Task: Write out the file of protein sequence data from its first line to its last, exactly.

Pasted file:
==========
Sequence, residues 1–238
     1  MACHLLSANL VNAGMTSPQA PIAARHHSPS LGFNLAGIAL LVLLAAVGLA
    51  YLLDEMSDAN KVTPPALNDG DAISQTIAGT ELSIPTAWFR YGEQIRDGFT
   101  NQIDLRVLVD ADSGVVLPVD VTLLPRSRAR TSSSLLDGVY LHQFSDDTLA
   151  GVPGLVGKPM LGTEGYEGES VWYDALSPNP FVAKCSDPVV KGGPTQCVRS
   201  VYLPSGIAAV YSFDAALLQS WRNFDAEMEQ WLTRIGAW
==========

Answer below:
Sequence, residues 1–238
     1  MACHLLSANL VNAGMTSPQA PIAARHHSPS LGFNLAGIAL LVLLAAVGLA
    51  YLLDEMSDAN KVTPPALNDG DAISQTIAGT ELSIPTAWFR YGEQIRDGFT
   101  NQIDLRVLVD ADSGVVLPVD VTLLPRSRAR TSSSLLDGVY LHQFSDDTLA
   151  GVPGLVGKPM LGTEGYEGES VWYDALSPNP FVAKCSDPVV KGGPTQCVRS
   201  VYLPSGIAAV YSFDAALLQS WRNFDAEMEQ WLTRIGAW